Interpretive Summary: Effects of particle size and phytase supplementation on apparent and standardized total tract digestibility of phosphorus in hybrid rye fed to growing pigs
By: Jichen Song, Debora M Holanda, Robert Patterson, Charles M Nyachoti
Cereal grains such as corn, wheat, and barley are widely used as an energy source in swine diets. However, due to their recent soaring prices, it is necessary to use alternative feedstuffs for swine. New commercial hybrid rye with improved ergot resistance and higher yield has been developed. This hybrid rye contains similar energy content as barley and sorghum, making it a promising ingredient for pigs. Phosphorus is an essential nutrient in swine diets for bone growth and cellular functions. However, most phosphorus in hybrid rye is bound to phytic acid, which is not digested well by pigs. The excessive phosphorus in swine manure may runoff and cause environmental problems such as eutrophication. Increasing phosphorus digestibility can decrease its excretion in pigs. Therefore, in the current study, we formulated six diets including fine or coarse hybrid rye particle size supplemented with three levels of phytase to determine the effects of particle size and phytase supplementation on phosphorus digestibility in hybrid rye. Our results showed that fine particle size and supplementing increasing levels of phytase could improve the phosphorus digestibility in growing pigs fed hybrid rye diets.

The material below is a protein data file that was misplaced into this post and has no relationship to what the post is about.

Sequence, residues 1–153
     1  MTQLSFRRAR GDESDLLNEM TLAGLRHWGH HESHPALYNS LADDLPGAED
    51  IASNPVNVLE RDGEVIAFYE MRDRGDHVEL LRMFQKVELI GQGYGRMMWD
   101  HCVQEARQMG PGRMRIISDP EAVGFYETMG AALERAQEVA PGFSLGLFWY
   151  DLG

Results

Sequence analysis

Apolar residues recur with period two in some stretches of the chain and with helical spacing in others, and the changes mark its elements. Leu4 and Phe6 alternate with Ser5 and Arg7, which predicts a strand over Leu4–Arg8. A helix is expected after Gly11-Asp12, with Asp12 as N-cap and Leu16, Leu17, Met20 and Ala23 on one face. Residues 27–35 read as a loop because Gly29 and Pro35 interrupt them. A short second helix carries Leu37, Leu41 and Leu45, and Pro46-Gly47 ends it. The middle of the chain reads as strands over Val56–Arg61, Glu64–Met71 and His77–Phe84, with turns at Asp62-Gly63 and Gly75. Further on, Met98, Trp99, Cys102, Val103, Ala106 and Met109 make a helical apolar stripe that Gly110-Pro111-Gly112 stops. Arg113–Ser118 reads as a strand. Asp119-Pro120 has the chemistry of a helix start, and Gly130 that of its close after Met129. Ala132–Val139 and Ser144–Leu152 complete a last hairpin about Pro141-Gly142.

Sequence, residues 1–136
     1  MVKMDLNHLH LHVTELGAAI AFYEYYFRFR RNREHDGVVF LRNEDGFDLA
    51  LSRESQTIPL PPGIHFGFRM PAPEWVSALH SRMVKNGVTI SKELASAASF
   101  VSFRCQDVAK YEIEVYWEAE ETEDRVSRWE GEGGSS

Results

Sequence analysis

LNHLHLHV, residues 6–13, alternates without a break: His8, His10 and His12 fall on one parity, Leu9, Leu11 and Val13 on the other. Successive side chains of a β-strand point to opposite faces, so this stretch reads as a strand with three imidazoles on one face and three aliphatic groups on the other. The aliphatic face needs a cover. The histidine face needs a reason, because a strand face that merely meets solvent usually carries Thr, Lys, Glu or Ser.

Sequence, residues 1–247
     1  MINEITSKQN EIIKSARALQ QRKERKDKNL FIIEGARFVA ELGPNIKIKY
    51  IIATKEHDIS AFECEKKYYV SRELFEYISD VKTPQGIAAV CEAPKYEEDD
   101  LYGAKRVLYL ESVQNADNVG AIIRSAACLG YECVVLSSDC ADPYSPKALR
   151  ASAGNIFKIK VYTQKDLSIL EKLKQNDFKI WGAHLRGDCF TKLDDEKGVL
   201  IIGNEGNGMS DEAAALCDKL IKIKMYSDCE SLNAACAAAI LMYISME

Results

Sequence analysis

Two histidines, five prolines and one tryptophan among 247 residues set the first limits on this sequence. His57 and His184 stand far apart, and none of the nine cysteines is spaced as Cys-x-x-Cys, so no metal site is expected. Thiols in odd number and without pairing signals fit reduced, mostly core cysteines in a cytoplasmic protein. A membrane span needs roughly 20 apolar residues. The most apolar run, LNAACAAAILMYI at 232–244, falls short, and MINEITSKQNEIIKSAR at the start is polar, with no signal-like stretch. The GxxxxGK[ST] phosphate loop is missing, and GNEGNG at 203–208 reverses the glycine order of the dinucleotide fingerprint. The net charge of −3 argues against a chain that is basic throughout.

Read the full article on the Journal of Animal Science.